They recommend this circuit, saying that the speedup cap at C2 is necessary for reliable operation.

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Yann Guidon / YGDES wrote 11/19/2016 at 13:20 point

OK I start to get it : A1 is the oscillating gate, biased toward Vcc/2 by the resistor network R1,R2

I'm puzzled about the ratio, though, I would have swapped their values. But the resistor network would provide some hysteresis, which C1 will overdrive with a pulse...
C2? why is it necessary ?...

I prefer the 1R 1C oscilator :-)

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Ted Yapo wrote 11/19/2016 at 13:34 point

The book says that C2 is required as a speed-up due to slow transitions of A1 from capacitive loading.  They mention bad edges and parasitic oscillations at around 100 MHz.  The also note that the original circuit (without C2) was listed in the 74HC4060 datasheet.  I haven't looked at all the various manufacturers but this one has the circuit:

http://cache.nxp.com/documents/data_sheet/74HC_HCT4060_Q100.pdf?page=15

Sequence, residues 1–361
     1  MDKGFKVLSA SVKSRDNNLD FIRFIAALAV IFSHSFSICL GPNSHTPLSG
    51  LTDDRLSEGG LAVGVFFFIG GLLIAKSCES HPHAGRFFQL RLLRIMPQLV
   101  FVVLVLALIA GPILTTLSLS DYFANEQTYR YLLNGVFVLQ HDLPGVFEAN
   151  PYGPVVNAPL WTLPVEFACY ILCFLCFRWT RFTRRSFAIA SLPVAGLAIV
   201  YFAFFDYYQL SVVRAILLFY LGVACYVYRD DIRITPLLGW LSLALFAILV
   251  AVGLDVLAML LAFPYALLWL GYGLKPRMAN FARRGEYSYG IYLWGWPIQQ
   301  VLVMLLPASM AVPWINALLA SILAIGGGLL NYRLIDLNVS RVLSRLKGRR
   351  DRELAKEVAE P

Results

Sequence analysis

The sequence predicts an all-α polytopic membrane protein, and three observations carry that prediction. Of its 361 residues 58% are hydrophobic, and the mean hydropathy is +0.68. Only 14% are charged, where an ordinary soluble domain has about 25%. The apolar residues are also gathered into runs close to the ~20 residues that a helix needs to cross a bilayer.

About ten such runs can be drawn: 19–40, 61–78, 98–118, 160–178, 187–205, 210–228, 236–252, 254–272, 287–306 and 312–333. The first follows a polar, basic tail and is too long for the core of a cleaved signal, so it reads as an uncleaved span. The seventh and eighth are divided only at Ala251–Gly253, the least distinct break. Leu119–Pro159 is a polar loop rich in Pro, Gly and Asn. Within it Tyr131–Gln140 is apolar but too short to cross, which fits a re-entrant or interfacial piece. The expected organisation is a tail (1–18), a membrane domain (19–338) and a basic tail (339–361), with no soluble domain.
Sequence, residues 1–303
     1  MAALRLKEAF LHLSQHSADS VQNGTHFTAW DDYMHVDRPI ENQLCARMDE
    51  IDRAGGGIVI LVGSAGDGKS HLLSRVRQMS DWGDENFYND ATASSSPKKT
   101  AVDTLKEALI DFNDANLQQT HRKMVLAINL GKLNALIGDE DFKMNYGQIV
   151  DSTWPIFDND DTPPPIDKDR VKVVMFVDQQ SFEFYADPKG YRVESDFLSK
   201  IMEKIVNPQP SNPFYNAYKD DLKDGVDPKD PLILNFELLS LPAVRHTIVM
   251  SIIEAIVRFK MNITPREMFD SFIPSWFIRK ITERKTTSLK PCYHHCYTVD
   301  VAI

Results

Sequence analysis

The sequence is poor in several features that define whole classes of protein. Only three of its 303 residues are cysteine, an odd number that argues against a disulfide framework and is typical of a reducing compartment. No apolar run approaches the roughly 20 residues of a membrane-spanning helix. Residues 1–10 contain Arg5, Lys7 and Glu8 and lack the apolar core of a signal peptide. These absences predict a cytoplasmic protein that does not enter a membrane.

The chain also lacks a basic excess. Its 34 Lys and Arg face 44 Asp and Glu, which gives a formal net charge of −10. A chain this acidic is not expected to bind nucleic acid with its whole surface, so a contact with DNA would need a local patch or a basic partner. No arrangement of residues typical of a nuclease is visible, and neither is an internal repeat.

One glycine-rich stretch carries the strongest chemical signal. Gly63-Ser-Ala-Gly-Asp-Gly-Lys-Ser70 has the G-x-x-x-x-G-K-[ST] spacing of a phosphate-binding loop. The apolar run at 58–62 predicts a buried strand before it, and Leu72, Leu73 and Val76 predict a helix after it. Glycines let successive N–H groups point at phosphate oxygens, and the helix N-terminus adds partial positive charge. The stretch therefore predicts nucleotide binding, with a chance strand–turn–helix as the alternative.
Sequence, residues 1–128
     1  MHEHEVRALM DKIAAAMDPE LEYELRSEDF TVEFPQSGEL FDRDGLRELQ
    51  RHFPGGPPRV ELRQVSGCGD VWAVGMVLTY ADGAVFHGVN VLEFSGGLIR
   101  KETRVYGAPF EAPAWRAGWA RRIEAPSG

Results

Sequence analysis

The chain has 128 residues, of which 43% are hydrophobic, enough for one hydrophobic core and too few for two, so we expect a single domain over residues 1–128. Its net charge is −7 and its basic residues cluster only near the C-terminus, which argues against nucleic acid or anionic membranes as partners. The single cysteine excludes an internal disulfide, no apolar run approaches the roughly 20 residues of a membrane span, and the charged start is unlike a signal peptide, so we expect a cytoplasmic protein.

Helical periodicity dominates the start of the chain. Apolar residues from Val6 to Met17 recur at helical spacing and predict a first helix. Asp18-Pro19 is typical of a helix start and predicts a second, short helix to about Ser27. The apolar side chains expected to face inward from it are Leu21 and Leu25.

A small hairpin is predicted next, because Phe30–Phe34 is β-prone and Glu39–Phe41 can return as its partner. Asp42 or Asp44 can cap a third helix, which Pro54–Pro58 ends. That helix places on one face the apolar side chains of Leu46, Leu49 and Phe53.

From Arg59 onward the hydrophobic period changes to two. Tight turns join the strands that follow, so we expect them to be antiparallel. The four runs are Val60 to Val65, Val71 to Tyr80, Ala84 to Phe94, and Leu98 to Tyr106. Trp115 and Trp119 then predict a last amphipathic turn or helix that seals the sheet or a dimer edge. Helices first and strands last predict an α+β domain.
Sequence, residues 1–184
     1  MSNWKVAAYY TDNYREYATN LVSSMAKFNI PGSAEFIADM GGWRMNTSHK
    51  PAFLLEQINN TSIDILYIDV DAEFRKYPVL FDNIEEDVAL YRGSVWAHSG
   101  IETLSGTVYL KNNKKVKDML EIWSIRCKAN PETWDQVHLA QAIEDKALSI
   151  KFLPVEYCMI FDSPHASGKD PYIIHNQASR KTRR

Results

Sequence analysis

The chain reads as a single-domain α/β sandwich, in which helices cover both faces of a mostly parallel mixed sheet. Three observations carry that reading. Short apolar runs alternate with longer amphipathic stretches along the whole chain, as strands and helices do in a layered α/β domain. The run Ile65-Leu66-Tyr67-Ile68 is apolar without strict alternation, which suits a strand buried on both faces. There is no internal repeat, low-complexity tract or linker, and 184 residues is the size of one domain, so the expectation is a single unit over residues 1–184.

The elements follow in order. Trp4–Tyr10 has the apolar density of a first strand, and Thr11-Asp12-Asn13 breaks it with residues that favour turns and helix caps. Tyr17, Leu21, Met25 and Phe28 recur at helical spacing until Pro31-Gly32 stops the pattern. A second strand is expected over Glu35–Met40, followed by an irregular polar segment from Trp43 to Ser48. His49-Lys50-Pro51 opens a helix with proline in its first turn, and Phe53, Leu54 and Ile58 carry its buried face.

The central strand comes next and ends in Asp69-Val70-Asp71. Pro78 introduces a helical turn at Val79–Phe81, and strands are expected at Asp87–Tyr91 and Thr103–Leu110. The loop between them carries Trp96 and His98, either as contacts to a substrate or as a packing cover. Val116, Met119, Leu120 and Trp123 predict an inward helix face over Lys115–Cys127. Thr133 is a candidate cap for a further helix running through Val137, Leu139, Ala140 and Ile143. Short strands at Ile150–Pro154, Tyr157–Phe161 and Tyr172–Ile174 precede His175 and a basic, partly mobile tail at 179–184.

it may be that other datasheets for this part provide some more info.

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K.C. Lee wrote 11/18/2016 at 05:30 point

The resistor determines the charging/discharging current, so peak is like 5V/500 ohms = 10mA.  The part is for sinking 4-5mA (while still within logic thresholds).  I would use something in the a few K range.  Just reduce the capacitance if you want higher frequencies.

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Yann Guidon / YGDES wrote 11/18/2016 at 08:36 point

This was one of my hypothesis because when I used the output to drive the other capacitor, the circuit would collapse easily. But

a) it seemed to work in some cases

b) I didn't have smaller capacitors

c) it didn't work better at 1K

Anyway, it's good to know for next time :-)

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K.C. Lee wrote 11/18/2016 at 11:09 point

Using a larger R means that the efficiency would be slightly better as you are wasting less energy charging and discharging a smaller value caps.

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Yann Guidon / YGDES wrote 11/18/2016 at 08:38 point

N.B.: I use 3V (2×1.5V alkaline batteries) so the current is in the 6mA range, just on the edge of 5mA... What a coincidence.

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K.C. Lee wrote 11/18/2016 at 11:14 point

The driver impedance would be higher at lower voltages.  The actual charging/discharging voltage is a fraction of Vcc as these are running closer to their thresholds.